Day One in San Francisco


Apropos of my first day back at work, some variations on a simple theme.

How strange to be back in a city I haven't worked in for more than two years.

"One cannot step in the same river twice," because both the person and the river have changed. Each has a stable identity, but neither has a fixed identity. Ultimately, they remain beyond our grasp.

Even the same old Caltrain has a new ticket format, ten percent of the capacity I used to see, and much nicer station bathrooms than I remember.

Everything flows.

— Heraclitus.

The Greek is panta rhei, but even though I learned Ancient Greek, it still sounds like the low-budget version of a manta ray.

“Day 2 is stasis. Followed by irrelevance. Followed by excruciating, painful decline. Followed by death. And that is why it is always Day 1.”

— Jeff Bezos

I don't like corporate speak, but I like the sentiment. Day 1 is constant focus on what matters. Day 2 is complacenct satisfaction.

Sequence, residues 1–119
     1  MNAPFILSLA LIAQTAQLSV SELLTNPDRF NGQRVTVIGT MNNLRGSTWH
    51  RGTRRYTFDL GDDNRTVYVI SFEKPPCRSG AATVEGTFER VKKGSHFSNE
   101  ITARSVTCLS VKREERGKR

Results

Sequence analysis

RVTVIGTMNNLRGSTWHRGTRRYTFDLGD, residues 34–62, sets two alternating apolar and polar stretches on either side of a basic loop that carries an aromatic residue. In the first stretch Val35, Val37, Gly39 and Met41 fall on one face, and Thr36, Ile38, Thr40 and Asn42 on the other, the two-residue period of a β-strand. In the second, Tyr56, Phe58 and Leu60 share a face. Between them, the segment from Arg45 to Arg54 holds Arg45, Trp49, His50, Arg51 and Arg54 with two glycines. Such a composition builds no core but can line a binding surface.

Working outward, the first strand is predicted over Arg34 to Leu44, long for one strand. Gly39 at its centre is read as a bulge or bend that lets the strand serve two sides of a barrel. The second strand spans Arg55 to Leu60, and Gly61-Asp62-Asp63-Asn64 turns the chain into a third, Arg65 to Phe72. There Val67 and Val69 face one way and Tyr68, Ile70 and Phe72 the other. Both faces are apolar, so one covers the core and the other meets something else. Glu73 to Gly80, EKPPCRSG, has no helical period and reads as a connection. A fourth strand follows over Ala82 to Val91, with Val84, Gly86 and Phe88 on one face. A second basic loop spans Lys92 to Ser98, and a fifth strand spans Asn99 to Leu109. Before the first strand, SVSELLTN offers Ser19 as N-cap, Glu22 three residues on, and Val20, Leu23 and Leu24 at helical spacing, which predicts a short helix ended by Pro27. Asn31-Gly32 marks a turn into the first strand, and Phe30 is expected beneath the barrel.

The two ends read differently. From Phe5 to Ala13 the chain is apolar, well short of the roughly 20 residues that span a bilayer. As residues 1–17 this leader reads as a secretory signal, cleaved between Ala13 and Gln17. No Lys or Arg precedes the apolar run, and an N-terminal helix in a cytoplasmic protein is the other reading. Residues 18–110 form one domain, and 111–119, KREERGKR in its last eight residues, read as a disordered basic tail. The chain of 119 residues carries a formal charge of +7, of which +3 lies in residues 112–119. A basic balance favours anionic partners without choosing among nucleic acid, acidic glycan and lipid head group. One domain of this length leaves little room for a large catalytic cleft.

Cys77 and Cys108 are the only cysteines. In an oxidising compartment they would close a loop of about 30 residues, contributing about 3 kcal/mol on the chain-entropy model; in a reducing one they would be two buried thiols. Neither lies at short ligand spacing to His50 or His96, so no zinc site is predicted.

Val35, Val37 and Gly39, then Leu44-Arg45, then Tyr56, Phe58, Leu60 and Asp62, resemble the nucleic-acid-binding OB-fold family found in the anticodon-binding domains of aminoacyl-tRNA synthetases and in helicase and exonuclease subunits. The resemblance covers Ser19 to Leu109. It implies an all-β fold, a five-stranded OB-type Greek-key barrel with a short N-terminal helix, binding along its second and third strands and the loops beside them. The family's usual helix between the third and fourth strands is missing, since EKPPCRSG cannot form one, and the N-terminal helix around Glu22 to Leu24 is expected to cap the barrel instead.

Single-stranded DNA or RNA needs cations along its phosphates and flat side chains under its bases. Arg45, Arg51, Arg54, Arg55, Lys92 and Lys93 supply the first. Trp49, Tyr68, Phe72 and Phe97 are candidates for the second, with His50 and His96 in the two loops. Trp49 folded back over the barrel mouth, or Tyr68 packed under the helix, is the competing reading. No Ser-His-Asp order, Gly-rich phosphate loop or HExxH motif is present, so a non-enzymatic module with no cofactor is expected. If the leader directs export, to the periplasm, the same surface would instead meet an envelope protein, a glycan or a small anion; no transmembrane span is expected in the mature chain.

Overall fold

What will you do now? That's it.

Life is this moment. Death is fixation.

Men are born soft and supple;
dead, they are stiff and hard.
Plants are born tender and pliant;
dead, they are brittle and dry.

Thus whoever is stiff and inflexible
is a disciple of death.
Whoever is soft and yielding
is a disciple of life.

The hard and stiff will be broken.
The soft and supple will prevail.

— Tao Te Ching 76 in the Stephen Mitchell translation, (via)

"Soft and supple" doesn't mean being jelly. It means being responsive to the moment. This is what Miyamoto Musashi meant by "In all things have no preference."

And because I just love the Zen spirit:

Your mind makes something, and something hinders you. So don’t make anything! Take your mind and throw it into the garbage. Only don’t know!

— Zen Master Seung Sahn, as quoted in Lions Roar

I'll write something more substantial in the days to come.